Judge's fury over delays in dissident terror case
A Judge has directed heavy criticism at defence lawyers in a case against an alleged Continuity IRA cell.
District Judge Eamon King yesterday told Newry Magistrates Court, where the case against 10 men was adjourned again, he wanted to see progress as a matter of urgency.
He said the case had been before the court "for some time", explaining that because defence lawyers previously branded delays disgraceful, he set deadlines for the prosecution.
Once those deadlines were met, the prosecution sought to fix a date for a preliminary enquiry, but on each occasion the court was "inconvenienced because certain defence solicitors representing certain clients have taken the view they want a preliminary investigation (a different mechanism)."
Judge King added it was "ironic" that defence solicitors previously criticised the Public Prosecution Service's delays, yet "right now the case can't be advanced because defence solicitors haven't done what they said they were going to do".
The 10 men were charged with offences arising from months of MI5 covert recordings of meetings at the Ardcarn Park home of defendant Colin Winters (44), where, according to the Crown, tapes revealed dissident plans for attacks on transport infrastructure and for shootings by snipers.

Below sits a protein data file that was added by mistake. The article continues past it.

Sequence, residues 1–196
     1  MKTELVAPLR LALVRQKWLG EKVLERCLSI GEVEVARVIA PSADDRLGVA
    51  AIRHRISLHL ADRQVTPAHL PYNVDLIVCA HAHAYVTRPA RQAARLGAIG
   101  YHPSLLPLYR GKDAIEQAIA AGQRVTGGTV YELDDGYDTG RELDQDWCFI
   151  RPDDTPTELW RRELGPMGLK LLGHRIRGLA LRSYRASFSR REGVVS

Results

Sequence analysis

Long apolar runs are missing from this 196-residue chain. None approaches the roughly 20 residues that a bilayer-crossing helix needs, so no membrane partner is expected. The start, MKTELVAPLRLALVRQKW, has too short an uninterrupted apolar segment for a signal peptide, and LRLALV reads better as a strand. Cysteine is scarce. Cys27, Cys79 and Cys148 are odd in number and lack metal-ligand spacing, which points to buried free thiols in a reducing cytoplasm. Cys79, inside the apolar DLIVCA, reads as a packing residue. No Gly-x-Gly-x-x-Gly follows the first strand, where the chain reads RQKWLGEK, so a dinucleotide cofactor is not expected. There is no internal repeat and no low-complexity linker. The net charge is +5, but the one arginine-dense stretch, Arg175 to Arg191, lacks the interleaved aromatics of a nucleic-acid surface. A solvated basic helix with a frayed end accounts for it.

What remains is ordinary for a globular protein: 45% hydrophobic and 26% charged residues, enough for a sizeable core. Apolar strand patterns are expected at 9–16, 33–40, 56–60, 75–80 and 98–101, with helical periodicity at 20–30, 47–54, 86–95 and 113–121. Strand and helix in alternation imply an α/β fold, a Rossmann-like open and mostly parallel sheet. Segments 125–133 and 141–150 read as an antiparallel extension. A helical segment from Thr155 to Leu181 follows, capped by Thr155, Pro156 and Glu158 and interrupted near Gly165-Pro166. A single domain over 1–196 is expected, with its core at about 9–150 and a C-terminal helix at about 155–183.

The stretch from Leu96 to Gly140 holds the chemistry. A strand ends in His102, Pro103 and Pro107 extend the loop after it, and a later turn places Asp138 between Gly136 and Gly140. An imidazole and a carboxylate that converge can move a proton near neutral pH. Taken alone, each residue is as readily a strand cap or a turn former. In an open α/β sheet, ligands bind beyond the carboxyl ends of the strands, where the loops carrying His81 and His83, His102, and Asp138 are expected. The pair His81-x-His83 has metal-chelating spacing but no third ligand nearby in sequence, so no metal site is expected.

Five men facing a count of directing terrorism along with four other charges including IRA membership and preparing terrorist acts are: Winters; Patrick Joseph Blair (59), from Villas Park, Dundalk; Liam James Hannaway (45), from White Rise, Dunmurry; Joseph Matthew Lynch (74), from Beechgrove Avenue, Limerick, and Sean O'Neill (76), from Quinn's Cottages, Limerick.
Judge King heard that of the 10 defendants, five were happy to proceed to the Crown Court by way of preliminary enquiry, while the other five want to test the evidence in a preliminary investigation.
The preliminary investigation hearing was set for January 4, and the preliminary enquiry hearing for January 25.